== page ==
Emotions of Home and Housing
This online seminar has been organised by the Cities, Environment and Liveability (CEL) Pathway and the Urban Studies and Planning Department, University. This seminar is open to ESRC and non-ESRC funded PhD and MA Social Research students within the seven interdisciplinary Pathways across the WRDTP partner universities.
Part of ‘Feeling Class: Emotions, Bodies and the Affective Politics of Social Inequality’ seminar series
This weekly seminar series brings together thirteen scholars from Sociology, Geography, History, Urban Studies, Criminology and Literary Studies to discuss the emotional, embodied and affective dynamics of social class. For the first three weeks four speakers will share research on topics including stigmatisation, migration, place, housing, solidarity and love. The series ends with a keynote lecture from Professor Anoop Nayak.
For further information on this seminar series please contact Jay Emery (email@example.com)
Week 2 speakers
Rowan Jaines (Sheffield): ‘Inside and outside at the same time’: White working class others in the fens of Eastern England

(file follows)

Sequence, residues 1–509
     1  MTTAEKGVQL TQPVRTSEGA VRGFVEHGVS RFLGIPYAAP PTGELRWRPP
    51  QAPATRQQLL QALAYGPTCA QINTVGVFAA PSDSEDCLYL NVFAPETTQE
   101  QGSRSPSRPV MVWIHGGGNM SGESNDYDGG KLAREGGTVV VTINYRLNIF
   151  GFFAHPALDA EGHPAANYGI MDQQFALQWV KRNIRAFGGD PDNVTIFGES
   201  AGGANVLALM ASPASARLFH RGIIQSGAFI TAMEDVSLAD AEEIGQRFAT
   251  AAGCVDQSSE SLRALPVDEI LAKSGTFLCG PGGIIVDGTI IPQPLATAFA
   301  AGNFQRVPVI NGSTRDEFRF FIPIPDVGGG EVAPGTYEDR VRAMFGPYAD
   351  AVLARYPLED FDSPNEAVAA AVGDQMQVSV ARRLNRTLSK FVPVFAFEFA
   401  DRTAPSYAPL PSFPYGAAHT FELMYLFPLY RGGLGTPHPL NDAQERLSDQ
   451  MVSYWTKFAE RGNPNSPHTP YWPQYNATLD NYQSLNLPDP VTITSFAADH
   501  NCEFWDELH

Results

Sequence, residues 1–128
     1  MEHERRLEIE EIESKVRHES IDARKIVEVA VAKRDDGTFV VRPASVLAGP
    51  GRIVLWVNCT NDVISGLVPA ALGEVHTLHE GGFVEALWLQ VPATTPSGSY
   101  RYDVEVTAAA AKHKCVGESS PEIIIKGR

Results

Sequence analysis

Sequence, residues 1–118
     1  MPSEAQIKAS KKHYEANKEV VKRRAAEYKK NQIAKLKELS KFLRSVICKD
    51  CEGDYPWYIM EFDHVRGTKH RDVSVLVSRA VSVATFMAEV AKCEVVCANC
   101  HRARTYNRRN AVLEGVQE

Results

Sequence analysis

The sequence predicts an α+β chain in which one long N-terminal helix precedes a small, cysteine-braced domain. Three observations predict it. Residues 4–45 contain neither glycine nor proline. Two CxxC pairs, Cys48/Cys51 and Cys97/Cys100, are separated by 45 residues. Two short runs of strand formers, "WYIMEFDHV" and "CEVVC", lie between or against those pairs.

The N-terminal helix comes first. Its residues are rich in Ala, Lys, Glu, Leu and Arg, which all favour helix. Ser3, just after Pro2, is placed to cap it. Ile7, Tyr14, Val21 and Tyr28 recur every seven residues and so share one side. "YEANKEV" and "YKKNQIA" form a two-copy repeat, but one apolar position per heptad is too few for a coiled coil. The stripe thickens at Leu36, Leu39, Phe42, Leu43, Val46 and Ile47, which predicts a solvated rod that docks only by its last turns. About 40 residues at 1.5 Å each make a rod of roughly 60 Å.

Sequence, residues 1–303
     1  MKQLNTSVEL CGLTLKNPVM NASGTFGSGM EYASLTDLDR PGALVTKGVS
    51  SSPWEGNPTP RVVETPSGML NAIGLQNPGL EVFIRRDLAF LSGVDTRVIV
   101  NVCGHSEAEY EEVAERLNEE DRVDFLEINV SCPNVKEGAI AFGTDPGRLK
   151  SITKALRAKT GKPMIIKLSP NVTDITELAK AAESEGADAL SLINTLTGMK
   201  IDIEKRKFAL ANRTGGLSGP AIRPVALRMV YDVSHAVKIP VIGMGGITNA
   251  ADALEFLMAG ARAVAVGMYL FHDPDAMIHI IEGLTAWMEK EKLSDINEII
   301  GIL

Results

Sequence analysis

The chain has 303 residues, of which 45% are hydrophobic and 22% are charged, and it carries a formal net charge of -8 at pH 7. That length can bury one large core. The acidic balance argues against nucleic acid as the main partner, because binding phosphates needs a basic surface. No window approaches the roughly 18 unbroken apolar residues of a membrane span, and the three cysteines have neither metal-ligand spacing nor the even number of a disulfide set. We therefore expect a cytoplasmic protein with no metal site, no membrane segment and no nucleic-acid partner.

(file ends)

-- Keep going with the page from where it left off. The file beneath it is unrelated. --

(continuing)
This paper focuses on the fen landscape in the East of England as an area that is home to a particular kind of non-metropolitan working class experience. There is no other place in the UK where food manufacture and distribution is so dominant. Low paid seasonal work prevails in the fens, carried out by Romanians, Lithuanians, Bulgarians and Poles as well as the local domestic population. Schools struggle and there are very high numbers of people with no qualifications. Over half of this disproportionately white population experiences “deprivation”; people have problems with their teeth and there are high levels of “preventable early death”. This is also a landscape holding five of the districts most heavily in favour of leaving the European Union. It is thus also a place where genuine fear and lived experience of abuse at the hands of anti-immigrant prejudice is interwoven with a shared caricature of “poor white working class Brits” (Rzepnikowska 2019: 71). These sketches of “Brexit voters” echo dominant imagery compiled piecemeal from a familiar list of normative characteristics ascribed to those living in poverty. In a language remarkably similar to 19th century colonial discourse of racialisation, these include but are not limited to: violence and criminality; excessive fleshiness with its accompanying stench and fecundity; lack of ambition, and; inability to delay gratification (Haylett 2001; Rzepnikowska 2019).The fen landscape – and its history as land reclaimed for industrial farming – is a medium upon which an ideological slippage between economic poverty and poverty of character can be glimpsed. This paper will interrogate the spectre of the “poor white other” in my own research. I will trace the ways that this long-standing ideological construct – which is not just inextricably linked with processes of racialised prejudice but is necessary to these practices – is animated and articulated across different groups.